What does it say?
Chapter 23 is a parable of two sisters, Oholah and Oholibah, representing the two kingdoms of Israel. Oholah is Samaria, capital of the northern kingdom and Oholibah represents Jerusalem in the south. Both sisters are portrayed as prostitutes running after lovers. They have run after Egypt and Assyria to the destruction of Oholah (Samaria, in 721/22 BC). Now, Oholibah (Jerusalem) runs after Babylon and will also suffer the fate of shame and destruction. In this chapter Babylonians and Chaldeans are the same people.
Ezekiel gives another living parable in chapter 24 that portrays the utter destruction of Jerusalem. Remember that he is among those already exiled in Babylon and most of them never really believed that this day of total destruction would come. The parable acted out portrays Jerusalem like a rusty pot left on the fire to burn. The date given in 24:1 is the same as in 2 Kings 25:1, the date Babylon lays siege to Jerusalem, considered by most historians to be 15 January 588 BC. That same day Ezekiel’s wife dies, yet God forbids him the normal grieving process. Instead, the next day Ezekiel gets up and goes to work as God’s prophet.
What does it mean?
To imagine a darker moment is impossible. The destruction of Jerusalem is something God has warned his people about for a long time. Now, the day has arrived. It is a day of shame and Ezekiel personally lives out this shame. The shame of adultery that Ezekiel proclaims in chapter 23 becomes the terrible ceremonial uncleanness that the prophet endures in chapter 24. Cooking the meager food of extreme poverty over dung-fueled fire must have been as hard for him as it was for Peter to eat in a Gentile home for the first time (Acts 10). Add to this the pain and the shame of losing his wife and not being able to mourn properly. The picture Ezekiel paints communicates that only a small remnant will survive and that Ezekiel will remain silent until the day that Jerusalem finally and completely falls (24:27)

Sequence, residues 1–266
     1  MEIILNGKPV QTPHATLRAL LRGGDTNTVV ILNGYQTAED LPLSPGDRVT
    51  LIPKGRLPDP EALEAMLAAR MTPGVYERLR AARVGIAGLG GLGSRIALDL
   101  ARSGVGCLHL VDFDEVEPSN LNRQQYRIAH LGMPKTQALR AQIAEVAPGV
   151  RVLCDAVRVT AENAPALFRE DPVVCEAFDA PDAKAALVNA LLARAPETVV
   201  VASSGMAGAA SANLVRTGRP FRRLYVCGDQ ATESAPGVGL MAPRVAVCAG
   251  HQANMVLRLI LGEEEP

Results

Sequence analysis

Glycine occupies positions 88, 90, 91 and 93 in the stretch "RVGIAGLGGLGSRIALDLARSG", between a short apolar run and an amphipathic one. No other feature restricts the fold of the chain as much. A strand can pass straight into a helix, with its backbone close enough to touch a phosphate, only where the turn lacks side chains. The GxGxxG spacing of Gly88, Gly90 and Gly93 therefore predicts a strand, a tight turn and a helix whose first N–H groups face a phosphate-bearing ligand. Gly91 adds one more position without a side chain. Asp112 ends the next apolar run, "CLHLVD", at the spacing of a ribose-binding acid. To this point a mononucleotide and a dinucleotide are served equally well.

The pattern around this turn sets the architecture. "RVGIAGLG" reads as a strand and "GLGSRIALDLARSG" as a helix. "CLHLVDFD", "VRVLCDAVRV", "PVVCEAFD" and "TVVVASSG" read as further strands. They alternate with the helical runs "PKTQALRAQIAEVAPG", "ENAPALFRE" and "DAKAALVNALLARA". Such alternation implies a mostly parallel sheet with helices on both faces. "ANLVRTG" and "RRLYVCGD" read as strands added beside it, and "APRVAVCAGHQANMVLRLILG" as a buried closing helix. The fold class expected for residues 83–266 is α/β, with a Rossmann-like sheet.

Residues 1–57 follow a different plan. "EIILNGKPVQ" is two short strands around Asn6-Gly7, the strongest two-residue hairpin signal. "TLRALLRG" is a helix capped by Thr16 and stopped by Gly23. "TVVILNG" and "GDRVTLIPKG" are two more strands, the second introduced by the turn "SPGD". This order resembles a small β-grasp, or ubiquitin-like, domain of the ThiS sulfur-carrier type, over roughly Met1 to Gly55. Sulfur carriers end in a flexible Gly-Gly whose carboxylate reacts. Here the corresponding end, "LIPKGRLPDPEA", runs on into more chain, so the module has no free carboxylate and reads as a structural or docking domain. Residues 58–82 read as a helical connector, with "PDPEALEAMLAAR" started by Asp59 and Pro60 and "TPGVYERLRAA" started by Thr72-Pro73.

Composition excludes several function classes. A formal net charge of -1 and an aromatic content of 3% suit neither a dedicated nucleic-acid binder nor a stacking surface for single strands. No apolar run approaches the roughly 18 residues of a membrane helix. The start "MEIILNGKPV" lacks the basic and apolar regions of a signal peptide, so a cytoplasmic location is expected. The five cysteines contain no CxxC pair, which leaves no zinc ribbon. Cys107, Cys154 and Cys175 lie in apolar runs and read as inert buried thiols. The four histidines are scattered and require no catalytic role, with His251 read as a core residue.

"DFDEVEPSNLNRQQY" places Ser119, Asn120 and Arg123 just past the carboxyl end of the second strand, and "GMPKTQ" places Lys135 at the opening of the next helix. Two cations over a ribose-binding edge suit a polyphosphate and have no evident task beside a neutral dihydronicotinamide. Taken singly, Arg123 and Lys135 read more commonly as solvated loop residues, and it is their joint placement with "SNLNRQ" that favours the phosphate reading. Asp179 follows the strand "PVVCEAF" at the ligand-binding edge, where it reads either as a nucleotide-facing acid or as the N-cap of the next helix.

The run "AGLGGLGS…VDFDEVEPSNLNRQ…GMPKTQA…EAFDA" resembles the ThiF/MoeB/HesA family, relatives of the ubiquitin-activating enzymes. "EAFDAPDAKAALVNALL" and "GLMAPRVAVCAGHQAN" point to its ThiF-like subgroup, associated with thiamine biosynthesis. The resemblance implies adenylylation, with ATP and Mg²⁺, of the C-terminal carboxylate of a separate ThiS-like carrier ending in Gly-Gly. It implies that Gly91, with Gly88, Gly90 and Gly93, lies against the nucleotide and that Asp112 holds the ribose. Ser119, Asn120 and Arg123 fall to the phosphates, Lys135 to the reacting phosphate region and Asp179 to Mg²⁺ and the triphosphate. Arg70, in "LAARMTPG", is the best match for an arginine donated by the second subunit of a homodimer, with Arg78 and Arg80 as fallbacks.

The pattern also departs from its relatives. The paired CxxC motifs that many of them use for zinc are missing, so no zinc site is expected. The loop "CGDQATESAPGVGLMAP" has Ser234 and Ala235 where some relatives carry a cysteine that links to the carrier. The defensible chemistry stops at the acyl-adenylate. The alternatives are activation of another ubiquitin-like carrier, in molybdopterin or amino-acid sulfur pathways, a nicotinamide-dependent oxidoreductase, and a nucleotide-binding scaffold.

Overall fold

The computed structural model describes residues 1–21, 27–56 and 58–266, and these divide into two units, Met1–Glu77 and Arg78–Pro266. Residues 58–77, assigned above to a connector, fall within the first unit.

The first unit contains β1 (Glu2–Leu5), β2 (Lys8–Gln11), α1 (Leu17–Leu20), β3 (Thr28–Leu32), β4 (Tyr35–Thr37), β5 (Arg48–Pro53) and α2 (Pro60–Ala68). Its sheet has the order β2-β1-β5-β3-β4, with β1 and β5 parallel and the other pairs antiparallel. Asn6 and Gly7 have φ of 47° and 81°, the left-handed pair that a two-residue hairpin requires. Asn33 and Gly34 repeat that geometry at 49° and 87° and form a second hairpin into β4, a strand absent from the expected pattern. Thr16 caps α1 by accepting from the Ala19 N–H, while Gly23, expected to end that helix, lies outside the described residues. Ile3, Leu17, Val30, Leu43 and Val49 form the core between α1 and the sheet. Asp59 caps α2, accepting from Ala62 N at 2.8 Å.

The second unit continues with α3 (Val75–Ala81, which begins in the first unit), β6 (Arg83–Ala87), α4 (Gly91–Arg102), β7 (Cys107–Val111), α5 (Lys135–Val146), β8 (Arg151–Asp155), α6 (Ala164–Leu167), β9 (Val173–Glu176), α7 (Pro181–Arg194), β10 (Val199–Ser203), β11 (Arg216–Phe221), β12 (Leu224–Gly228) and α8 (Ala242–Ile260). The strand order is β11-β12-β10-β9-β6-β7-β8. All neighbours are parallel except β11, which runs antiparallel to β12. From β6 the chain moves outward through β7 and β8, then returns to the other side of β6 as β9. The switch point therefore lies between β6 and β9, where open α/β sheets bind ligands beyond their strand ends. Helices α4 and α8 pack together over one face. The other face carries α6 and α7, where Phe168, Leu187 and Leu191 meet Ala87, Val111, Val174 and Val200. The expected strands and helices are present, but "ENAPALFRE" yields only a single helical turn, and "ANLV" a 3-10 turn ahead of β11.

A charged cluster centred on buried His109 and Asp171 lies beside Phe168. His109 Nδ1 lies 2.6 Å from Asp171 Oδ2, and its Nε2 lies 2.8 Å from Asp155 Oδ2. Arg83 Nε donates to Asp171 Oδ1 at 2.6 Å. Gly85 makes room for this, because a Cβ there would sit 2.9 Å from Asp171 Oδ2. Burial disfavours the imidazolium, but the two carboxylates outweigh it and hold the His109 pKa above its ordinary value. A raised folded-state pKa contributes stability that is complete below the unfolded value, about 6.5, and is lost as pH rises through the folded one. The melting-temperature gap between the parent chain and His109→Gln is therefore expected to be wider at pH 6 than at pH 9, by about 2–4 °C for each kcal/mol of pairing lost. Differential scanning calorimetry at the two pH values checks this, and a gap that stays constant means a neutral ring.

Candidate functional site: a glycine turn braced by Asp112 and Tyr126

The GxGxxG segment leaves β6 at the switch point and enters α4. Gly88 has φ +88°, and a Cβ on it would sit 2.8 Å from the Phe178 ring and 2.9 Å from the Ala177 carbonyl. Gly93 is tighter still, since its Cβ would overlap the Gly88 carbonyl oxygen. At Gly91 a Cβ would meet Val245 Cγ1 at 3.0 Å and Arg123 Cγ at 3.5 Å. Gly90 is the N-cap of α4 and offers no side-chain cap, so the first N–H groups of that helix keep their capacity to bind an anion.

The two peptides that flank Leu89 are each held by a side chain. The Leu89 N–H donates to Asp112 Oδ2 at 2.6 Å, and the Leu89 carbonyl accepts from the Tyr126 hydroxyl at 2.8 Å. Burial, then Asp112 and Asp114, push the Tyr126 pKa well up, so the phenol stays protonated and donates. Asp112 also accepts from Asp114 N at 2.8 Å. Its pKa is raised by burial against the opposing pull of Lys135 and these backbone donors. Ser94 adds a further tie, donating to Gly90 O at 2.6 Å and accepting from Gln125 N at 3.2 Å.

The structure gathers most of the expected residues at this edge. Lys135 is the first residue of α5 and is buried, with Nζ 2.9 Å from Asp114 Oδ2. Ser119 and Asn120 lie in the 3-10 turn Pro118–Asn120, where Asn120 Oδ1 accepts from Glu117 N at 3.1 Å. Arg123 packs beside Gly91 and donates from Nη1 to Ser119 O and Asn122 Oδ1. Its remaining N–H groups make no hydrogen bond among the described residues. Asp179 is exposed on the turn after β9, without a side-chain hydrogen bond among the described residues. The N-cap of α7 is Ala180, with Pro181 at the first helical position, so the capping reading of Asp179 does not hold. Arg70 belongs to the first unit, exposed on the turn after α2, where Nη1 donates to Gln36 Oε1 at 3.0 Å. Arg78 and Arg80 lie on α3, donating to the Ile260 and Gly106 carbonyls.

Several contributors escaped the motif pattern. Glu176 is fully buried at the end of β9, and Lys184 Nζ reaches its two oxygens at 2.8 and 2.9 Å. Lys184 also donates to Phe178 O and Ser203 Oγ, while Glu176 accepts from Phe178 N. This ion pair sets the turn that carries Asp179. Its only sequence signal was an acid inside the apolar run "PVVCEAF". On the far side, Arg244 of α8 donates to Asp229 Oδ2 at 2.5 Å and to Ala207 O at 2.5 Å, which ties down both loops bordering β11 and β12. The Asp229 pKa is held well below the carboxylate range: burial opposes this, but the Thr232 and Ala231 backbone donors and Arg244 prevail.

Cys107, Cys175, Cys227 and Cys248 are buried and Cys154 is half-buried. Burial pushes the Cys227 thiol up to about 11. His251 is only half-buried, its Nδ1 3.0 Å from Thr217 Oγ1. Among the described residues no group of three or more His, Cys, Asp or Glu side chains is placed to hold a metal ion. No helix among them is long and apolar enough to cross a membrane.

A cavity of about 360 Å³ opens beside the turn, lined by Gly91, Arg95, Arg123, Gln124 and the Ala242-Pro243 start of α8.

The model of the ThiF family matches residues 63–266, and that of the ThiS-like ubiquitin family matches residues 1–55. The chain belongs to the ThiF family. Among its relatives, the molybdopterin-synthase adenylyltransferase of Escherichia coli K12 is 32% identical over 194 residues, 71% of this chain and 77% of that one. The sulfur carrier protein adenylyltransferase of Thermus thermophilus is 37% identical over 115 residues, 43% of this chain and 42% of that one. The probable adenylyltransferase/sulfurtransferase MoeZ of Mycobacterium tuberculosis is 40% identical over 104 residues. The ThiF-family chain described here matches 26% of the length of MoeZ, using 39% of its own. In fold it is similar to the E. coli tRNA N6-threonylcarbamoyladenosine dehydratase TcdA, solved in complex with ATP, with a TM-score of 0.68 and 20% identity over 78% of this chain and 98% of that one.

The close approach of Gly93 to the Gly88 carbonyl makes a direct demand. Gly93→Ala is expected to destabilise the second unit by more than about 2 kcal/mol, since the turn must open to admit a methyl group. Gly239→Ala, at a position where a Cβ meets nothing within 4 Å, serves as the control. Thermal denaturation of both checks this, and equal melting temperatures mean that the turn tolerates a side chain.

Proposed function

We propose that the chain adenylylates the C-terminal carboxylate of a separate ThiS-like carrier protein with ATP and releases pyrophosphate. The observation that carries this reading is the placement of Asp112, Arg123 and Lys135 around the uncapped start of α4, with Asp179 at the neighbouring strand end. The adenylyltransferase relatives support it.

Surely this is a bad as it gets and Ezekiel’s shame and hurt is beyond our comprehension. The main point, though, is that from this lowest moment of shame, God will still complete his plan to use Israel to proclaim the greatness of his name to the nations (24:7). Rebirth comes from death and destruction.
How will I respond?
What shame have I endured or would I endure for Christ’s sake?